At the half-hour mark, the narrative switches perspectives, and we now see things from the victim’s point of view. In the hours before the fatal accident, we see Lola and her grandfather going about their day before he is taken permanently from this Earth. They discuss her process of recovering from addiction and share a small but heartfelt moment planting a tree mingled with the ashes of loved ones, Lola’s mother and grandmother (I think?). The old man says Lola is the only family he has left and he doesn’t want to come out here and plant another tree. Just with that line, with that moment, the filmmakers have managed to say everything they need to say in a meaningful and character-centric fashion. From there, much of the next half hour is Lola trying to make sense of her sudden loss. I thought perhaps the narrative had flipped and we were going to follow Lola as she tracked down Wolf and enact her own vengeance, but the movie doesn’t really do that either. She stumbles upon him again just because he returns to the scene of the crime and she recognizes his car, but her agency stops at calling for help from an ex. That’s disappointing because she could have been the right participant for the audience to root for.
And therein lies one of the issues holding back Straitjacket from real gut-churning dramatic greatness, the fact that you don’t really root for any character to achieve his or her goal. While streamlining the narrative has made the plot relatively tight and quick to start, we also don’t really get much in the way of fleshing out Wolf as a person. We know he’s self-destructive, we know he’s struggling, and a caravan of interactions with minor supporting players fill us in on the myriad ways he is disappointing others (he has a son he never sees, he’s stolen from family before, he’s gotten into trouble with his dealer, etc.). He’s just sort of a screw-up but we aren’t given redeeming qualities, we aren’t given moments that allow a personality to shine through, where we can see his hopes, maybe a glimmer of his time and who he was before his addictions. He’s less a character and more a walking Tragic Symbol with antsy legs. The same with Lola. She’s suffering, she’s hurting, she wants to find her grandfather’s killer and bring them to justice. But does she do anything to actively achieve this? Not really. She lucks into attending the same drug house that Wolf does, and this sets up a finale that tries to have it both ways, ultimately ending on redemption and closure but not quite managing the catharsis of either. That’s because the limited characterization made the later emotional investment limited as well.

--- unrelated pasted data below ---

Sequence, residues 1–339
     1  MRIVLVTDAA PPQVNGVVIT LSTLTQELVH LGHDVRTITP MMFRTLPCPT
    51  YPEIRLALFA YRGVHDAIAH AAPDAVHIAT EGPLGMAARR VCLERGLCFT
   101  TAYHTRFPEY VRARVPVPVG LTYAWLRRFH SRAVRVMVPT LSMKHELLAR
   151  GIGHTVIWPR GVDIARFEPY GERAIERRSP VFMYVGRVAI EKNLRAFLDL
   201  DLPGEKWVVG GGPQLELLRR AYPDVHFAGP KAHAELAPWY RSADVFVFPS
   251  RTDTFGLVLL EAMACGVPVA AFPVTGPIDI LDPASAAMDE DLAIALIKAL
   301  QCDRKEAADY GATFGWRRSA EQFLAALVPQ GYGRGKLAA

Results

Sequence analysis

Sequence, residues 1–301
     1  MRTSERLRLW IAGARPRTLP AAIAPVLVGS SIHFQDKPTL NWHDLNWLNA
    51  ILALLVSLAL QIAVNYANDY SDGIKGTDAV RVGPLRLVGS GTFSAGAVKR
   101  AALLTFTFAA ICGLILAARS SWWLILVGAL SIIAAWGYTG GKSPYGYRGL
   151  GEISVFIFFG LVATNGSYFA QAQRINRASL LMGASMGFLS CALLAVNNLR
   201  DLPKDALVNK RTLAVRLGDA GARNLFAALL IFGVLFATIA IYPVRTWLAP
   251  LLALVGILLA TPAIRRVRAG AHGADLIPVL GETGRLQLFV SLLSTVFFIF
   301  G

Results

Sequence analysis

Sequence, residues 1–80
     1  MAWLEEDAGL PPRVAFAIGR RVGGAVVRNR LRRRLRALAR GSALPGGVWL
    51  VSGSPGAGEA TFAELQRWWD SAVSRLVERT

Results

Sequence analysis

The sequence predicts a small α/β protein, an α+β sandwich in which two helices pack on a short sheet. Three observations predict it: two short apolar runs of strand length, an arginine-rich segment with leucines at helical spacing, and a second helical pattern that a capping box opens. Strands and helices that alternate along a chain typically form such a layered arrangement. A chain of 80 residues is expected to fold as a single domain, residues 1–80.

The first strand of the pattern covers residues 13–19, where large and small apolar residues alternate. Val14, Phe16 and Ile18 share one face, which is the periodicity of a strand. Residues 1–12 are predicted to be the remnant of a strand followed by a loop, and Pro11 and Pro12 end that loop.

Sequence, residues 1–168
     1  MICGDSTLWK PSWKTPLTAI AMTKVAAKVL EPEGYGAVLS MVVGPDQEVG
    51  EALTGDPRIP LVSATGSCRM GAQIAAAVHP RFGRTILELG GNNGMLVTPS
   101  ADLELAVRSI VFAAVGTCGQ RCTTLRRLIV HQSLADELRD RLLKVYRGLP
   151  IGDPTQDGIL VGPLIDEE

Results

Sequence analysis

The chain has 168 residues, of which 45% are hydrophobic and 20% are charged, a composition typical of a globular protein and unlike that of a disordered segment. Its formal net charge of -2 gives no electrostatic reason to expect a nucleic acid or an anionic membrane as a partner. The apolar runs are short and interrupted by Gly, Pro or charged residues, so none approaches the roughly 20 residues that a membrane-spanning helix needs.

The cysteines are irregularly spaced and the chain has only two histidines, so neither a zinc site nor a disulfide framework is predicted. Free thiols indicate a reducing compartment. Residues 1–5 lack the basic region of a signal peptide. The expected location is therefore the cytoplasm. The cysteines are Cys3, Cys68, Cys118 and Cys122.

Take a look at Blue Ruin for comparison on how it could have been done effectively. It’s established why the main character’s life has been in shambles, he finds the person responsible for murdering his parents, takes his clumsy vengeance, and the rest of the movie is him outrunning the mounting and bloody repercussions. That movie works because the act of violence that kicks off the scramble is eventually revealed to be justifiable from the character’s perspective (his own sister, whom he initially hides with, congratulates him). He’s also the underdog as the forces coming after him are armed, dangerous, and larger, so then the movie becomes how this one man can use his few resources and lead time to outsmart his eventual attackers. It becomes naturally engaging because the odds are stacked against him and every time he surprises or beats them back is another victory and satisfying to watch. Straitjacket doesn’t afford similar satisfaction for a viewer. That’s the difference between a thriller and a tragedy, not that Blue Ruin was absent its own stark sense of tragedy as revenge was deemed ultimately as self-harm. There isn’t that push with Straitjacket. Lola isn’t actively looking for her culprit, and her path toward vengeance isn’t taking a toll. Sure, you could argue it’s what causes her to consider relapsing back to addictions but even that struggle is kept very generalized.